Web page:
Hopefully, you’re beginning to realize that blogging can be a valuable marketing tool, but you probably want to know exactly how your blog turns online visitors into clients. We heard your questions, and we prepared this series of articles to help you better understand how the process should work.
In our first article of this series, we outlined the first two steps in the process. In this second part of the article, we’ll delve deeper into the blogging process and give you more information on how to turn blog readers into clients.
Step Three: Take advantage of the buying cycle.
The buying cycle begins when a consumer realized he needs something. He will research his questions online, find possible solutions, narrow them down to the one that appeals to him most, and then make a purchase. Keep that cycle in mind when you create your content. If your blog answers the questions your target demographic is asking, you will instill confidence in your services and inspire feelings of loyalty. Grab their attention early in the buying cycle, and you won’t have to fight so hard for it later.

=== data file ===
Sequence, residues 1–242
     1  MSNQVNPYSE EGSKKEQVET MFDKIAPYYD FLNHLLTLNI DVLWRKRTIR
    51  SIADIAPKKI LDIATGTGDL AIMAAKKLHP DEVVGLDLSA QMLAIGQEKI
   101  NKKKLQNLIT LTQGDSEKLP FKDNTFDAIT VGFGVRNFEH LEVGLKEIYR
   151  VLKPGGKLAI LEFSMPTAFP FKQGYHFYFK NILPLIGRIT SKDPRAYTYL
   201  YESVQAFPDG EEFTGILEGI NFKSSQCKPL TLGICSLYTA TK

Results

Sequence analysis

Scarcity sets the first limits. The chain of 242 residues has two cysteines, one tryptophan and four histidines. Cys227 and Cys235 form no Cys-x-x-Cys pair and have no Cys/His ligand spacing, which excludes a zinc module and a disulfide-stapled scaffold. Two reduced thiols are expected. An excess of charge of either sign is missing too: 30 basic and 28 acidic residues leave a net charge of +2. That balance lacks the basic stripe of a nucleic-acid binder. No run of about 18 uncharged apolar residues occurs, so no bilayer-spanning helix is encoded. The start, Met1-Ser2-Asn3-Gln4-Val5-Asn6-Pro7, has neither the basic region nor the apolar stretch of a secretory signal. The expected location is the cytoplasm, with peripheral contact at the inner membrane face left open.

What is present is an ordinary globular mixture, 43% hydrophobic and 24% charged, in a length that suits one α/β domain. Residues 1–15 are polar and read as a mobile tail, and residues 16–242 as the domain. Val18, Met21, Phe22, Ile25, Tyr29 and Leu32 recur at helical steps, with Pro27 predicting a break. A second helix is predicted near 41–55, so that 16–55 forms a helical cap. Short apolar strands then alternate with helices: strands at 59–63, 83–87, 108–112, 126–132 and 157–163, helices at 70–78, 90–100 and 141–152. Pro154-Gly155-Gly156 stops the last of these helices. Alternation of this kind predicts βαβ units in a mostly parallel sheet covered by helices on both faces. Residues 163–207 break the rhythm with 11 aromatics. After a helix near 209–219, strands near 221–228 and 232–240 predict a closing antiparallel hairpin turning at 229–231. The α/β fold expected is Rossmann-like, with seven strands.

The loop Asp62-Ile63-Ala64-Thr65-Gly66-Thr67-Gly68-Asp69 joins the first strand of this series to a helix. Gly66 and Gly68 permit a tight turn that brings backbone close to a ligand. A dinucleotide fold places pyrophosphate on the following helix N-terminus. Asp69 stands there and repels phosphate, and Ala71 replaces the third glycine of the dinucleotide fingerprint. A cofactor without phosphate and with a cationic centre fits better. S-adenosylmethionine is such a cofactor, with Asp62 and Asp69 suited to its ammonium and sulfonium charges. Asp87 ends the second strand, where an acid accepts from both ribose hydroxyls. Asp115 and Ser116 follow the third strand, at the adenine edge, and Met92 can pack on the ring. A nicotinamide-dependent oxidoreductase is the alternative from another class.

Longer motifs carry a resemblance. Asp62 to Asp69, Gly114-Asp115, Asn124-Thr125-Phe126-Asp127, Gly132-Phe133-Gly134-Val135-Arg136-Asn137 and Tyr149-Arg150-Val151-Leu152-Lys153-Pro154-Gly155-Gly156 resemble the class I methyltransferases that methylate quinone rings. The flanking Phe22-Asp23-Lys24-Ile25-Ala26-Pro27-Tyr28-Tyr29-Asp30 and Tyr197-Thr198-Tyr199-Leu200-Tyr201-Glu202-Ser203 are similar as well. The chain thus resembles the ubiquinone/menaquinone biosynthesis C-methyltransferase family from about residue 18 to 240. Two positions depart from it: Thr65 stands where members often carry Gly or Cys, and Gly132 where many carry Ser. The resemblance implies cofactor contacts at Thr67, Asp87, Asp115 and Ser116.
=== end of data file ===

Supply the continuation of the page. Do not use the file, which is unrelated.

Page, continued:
Step Four: Keep it short and simple.
Your audience is looking for concise, to-the-point answers to their questions about financial planning and retirement. They don’t have the time or attention span to read through 1,500 words on annuities, retirement funds, or life insurance. Keep the average reader in mind when you write your blogs, remembering that not everyone finds financial information to be all that fascinating!
Write blogs between 300 and 400 words, and use bullet points or bold headings so that your readers can easily locate the information they need. Remember that the goal is not to provide all of the answers for them. You’re providing enough information that they will feel inspired to make contact with you.
Step Five: Make an emotional impact.
Even when they begin the buying process in a logical state of mind, most consumers make emotional decisions about how to spend their money. Remember this principle when you write your blogs. Most people are more inclined to make a purchase when they are feeling positive emotions, and when they are attached to a person or business. Gradually build a rapport with your readers, and they will choose you over your competition.
If you’ve followed steps one through five, you’re creating the right kind of content for your audience. For more helpful tips on converting your readers into clients, check out our final blog in this series.